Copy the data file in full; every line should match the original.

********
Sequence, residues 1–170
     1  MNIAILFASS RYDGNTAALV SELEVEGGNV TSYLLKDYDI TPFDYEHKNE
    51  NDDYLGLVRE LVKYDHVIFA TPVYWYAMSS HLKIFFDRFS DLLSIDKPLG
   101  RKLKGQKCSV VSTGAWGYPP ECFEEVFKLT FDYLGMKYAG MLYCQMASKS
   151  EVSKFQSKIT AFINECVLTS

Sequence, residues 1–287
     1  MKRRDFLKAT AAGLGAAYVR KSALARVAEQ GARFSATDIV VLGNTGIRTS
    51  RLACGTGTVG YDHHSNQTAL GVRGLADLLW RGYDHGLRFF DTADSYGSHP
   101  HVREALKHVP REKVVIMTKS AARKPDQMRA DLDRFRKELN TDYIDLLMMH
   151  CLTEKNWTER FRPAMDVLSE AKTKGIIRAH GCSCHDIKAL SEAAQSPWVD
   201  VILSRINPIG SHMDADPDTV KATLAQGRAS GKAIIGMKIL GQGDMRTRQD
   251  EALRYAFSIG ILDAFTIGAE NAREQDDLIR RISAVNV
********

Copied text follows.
Sequence, residues 1–170
     1  MNIAILFASS RYDGNTAALV SELEVEGGNV TSYLLKDYDI TPFDYEHKNE
    51  NDDYLGLVRE LVKYDHVIFA TPVYWYAMSS HLKIFFDRFS DLLSIDKPLG
   101  RKLKGQKCSV VSTGAWGYPP ECFEEVFKLT FDYLGMKYAG MLYCQMASKS
   151  EVSKFQSKIT AFINECVLTS

Sequence, residues 1–287
     1  MKRRDFLKAT AAGLGAAYVR KSALARVAEQ GARFSATDIV VLGNTGIRTS
    51  RLACGTGTVG YDHHSNQTAL GVRGLADLLW RGYDHGLRFF DTADSYGSHP
   101  HVREALKHVP REKVVIMTKS AARKPDQMRA DLDRFRKELN TDYIDLLMMH
   151  CLTEKNWTER FRPAMDVLSE AKTKGIIRAH GCSCHDIKAL SEAAQSPWVD
   201  VILSRINPIG SHMDADPDTV KATLAQGRAS GKAIIGMKIL GQGDMRTRQD
   251  EALRYAFSIG ILDAFTIGAE NAREQDDLIR RISAVNV